$228 million per year seems like a large expenditure but combating anti-doping is no easy task. In fact WADA has previously made it clear that it needs more money and resources. A large part of the problem lies with the drug tests themselves.

It is generally understood that drug tests are just not effective. An argument you often hear from people defending a particular athlete is that he or she gets drug tested regularly, so they must be clean. Well, guess what? Lance Armstrong got tested regularly and never failed a drug test. In his interview with Oprah in 2013 he admitted to taking banned substances for all of his 7 Tour de France wins.

Testing for performance enhancing drugs is below the standard it needs to be, especially when athletes you are testing have access to financial resources, doctors and carefully-crafted schedules. All of these resources help a drug-tested athlete know when to take drugs and when it will be out of their system. Detection rates are particularly poor if an athlete has been advised how much to take and when to stop taking a drug. By the time the test comes round, there won’t be any traces of the compounds in the athlete’s body.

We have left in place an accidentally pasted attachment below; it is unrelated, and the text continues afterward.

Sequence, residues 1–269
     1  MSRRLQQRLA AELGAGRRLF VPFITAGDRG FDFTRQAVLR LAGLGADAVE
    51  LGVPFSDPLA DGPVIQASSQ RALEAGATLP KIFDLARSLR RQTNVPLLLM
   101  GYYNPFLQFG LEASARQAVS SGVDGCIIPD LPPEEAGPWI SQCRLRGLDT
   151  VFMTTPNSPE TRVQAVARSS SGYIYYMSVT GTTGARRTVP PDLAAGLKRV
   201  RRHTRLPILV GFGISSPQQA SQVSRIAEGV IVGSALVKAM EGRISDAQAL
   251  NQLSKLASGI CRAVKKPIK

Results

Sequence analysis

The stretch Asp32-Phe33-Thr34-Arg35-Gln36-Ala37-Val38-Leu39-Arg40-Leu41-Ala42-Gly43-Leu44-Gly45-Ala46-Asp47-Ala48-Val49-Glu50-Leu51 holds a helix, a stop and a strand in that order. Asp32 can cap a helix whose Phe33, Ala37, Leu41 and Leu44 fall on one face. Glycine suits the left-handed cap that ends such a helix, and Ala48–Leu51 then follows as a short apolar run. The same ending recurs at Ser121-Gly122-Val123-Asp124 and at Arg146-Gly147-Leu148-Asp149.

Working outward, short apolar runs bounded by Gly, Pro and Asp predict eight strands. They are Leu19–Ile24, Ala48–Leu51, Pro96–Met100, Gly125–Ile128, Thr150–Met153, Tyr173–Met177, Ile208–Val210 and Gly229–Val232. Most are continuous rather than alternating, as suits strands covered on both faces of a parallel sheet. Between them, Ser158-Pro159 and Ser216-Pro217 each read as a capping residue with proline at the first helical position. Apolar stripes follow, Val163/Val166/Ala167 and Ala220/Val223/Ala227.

We also know that racial differences make a difference to whether someone passes a drug test. To detect if an athlete has injected themselves with testosterone, WADA looks at the testosterone/epitestosterone ratio or the T/E ratio. If the T/E ratio is greater than 4, we can assume the athlete has been doping. But research has shown that some groups such as East Asians take a prolonged time to excrete testosterone, which means that testosterone in urine samples will remain low. It also means that an athlete could inject themselves with testosterone but still have a T/E ratio lower than 4 (Source: New Scientist, https://www.newscientist.com/article/dn16749-anti-doping-test-allows-drug-cheats-to-escape/).

So the sophistication and complexity of passing drug tests is a tall order to overcome, even with an expenditure of $228 million a year. There are more sophisticated drug tests such as the Carbon Isotope Ratio test, but it comes at a cost of $400 per test. Administering a test like this to every athlete would sky-rocket the costs of anti-doping, but the world of competitive sports would be better for it.

Quinn Ferris
April 17, 2021 11:22 am

I don’t have much confidence in WADA or its drug detection systems. I’ve previously written about how the International Federation of Bodybuilding and Fitness is a signatory to WADA’s ‘code’, making WADA a laughing stock to anyone who is familiar with the bodybuilding scene (https://plozee.com/1-million-people-in-the-uk-use-steroids-for-image-enhancement/#comment-34). There is simply no credibility to WADA or its testing systems if it claims to promote clean sport but then takes money from a signatory whose entire existence is dependent on drug-enhanced athletes.